Good Looking Gulls

This article shares a selection of ‘good looking gulls’. These photographs were captured as part of our initial field testing of the M.Zuiko 75-300 mm f/4.8-6.7 II telephoto zoom lens. We recently added this lens to our Olympus kit.

NOTE: Click on images to enlarge.

Olympus OM-D E-M1X + M.Zuiko 75-300 mm f/4.8-6.7 II @ 300 mm, efov 600 mm, f/6.7, 1/400, ISO-6400

No collection of ‘good looking gulls’ would be complete without a classic profile portrait. This image was captured fairly early in the morning. The gull was a bit fidgety so I needed to use a faster shutter speed than I would have ideally liked. This necessitated shooting at ISO-6400… something that I am quite comfortable doing with my Olympus equipment.

Olympus OM-D E-M1X + M.Zuiko 75-300 mm f/4.8-6.7 II @ 300 mm, efov 600 mm, f/6.7, 1/1600, ISO-250

Capturing a gull flying directly at us can create a dramatic photograph. In this case I purposely cropped off the bird’s wing tips as it flew in close to me. This has the effect of directing a viewer’s eye towards the head of the gull.

Olympus OM-D E-M1X + M.Zuiko 75-300 mm f/4.8-6.7 II @ 300 mm, efov 600 mm, f/6.7, 1/1600, ISO-500

Photographing a bird with some back lighting can add some drama to an image, especially if it helps to define details on the underside of a bird’s wings.

Olympus OM-D E-M1X + M.Zuiko 75-300 mm f/4.8-6.7 II @ 300 mm, efov 600 mm, f/6.7, 1/1600, ISO-400

Gulls often glide while in flight which can provide nice symmetry in some of our images.

Olympus OM-D E-M1X + M.Zuiko 75-300 mm f/4.8-6.7 II @ 264 mm, efov 528 mm, f/6.7, 1/1600, ISO-500

Catching some interesting light on a gull can reveal details on the backside of its wings, its flight feathers, or a wing tip. Planning for a dark background can add some additional contrast.

Olympus OM-D E-M1X + M.Zuiko 75-300 mm f/4.8-6.7 II @ 215 mm, efov 430 mm, f/6.7, 1/1600, ISO-640

Some bird photographers like to ensure that the wings of their subject birds are not clipped in their images. I often take the opposite approach and purposely clip a bird’s wings as it allows me to get in tighter. This can put more pixels on a subject bird’s head, and add some drama to a photograph.

Olympus OM-D E-M1X + M.Zuiko 75-300 mm f/4.8-6.7 II @ 300 mm, efov 600 mm, f/6.7, 1/1600, ISO-500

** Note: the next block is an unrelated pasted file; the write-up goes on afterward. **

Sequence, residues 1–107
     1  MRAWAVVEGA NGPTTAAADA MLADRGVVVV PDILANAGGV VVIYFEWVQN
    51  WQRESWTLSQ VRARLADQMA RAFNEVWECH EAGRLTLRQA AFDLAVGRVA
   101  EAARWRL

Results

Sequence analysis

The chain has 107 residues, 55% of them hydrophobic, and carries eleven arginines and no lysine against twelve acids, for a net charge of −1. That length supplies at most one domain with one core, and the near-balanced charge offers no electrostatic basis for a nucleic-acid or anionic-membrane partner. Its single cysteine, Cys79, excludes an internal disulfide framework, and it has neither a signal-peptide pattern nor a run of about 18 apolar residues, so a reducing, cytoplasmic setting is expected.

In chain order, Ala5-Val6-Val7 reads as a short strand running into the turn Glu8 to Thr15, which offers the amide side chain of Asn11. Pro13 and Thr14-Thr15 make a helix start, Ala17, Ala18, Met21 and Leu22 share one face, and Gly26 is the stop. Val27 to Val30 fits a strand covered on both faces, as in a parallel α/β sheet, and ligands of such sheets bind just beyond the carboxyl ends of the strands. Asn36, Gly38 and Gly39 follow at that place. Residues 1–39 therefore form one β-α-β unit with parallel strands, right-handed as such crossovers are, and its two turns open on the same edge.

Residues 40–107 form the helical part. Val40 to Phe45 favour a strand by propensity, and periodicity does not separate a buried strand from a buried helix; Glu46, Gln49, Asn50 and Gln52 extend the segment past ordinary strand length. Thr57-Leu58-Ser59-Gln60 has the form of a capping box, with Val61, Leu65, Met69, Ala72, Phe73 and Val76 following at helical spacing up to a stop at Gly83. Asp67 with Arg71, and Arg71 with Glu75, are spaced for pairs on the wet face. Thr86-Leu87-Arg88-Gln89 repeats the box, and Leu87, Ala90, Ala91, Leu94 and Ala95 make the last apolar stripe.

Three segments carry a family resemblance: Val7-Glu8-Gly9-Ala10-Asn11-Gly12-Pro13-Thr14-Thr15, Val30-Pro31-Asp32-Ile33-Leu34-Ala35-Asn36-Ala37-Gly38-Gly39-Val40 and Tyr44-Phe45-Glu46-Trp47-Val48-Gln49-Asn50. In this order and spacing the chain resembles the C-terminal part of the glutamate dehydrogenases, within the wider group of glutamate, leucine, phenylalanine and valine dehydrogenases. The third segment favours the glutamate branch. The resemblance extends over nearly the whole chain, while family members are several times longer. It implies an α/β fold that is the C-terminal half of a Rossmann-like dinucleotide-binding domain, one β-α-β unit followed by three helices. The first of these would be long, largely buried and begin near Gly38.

Catching a wing that is clipped in a corner of a photograph can enhance eye flow and help direct a viewer’s eye towards the head of the bird. It can also create a ‘magic 7‘ as seen in the photograph above… in this case it is an inverted 7.

Olympus OM-D E-M1X + M.Zuiko 75-300 mm f/4.8-6.7 II @ 215 mm, efov 430 mm, f/6.7, 1/1600, ISO-500

I love getting in close and personal with birds-in-flight. Not only does it help with eye-hand coordination practice, but one never knows if feelings of intimacy and/or drama may be captured.

Olympus OM-D E-M1X + M.Zuiko 75-300 mm f/4.8-6.7 II @ 300 mm, efov 600 mm, f/6.7, 1/1600, ISO-500

Whenever possible I like to photograph gulls in flight that are within 15 metres, or closer, to me. This give me more opportunity to capture feather details. I often pan with gulls in flight especially when they have irregular flight paths. Waiting for something unusual to happen in terms of a bird’s mid air movements can yield some great photographs in terms of a gull’s body and wing position.

Olympus OM-D E-M1X + M.Zuiko 75-300 mm f/4.8-6.7 II @ 215 mm, efov 430 mm, f/6.7, 1/1600, ISO-640

When the stars align some of these photographs can be quite striking. Good looking gulls are readily available subject matter in many parts of the world. We just need to have our cameras at the ready!

We’ve been very pleased with the results we have been able to achieve with the M.Zuiko 75-300 mm f/4.8-6.7 II telephoto zoom lens, especially when shooting in RAW. It is small, lightweight and cost affordable telephoto option for the M4/3 system. The lens is not weatherproof. We own the M.Zuiko 75-300 mm f/4.8-6.7 II used to capture the images in this article.

Technical Note

Photographs were captured hand-held using camera gear as noted in the EXIF data. Images were produced from RAW files using my standard process. Most photographs were cropped to taste, then resized for web use. The degree of any cropping done is detailed in the EXIF data.

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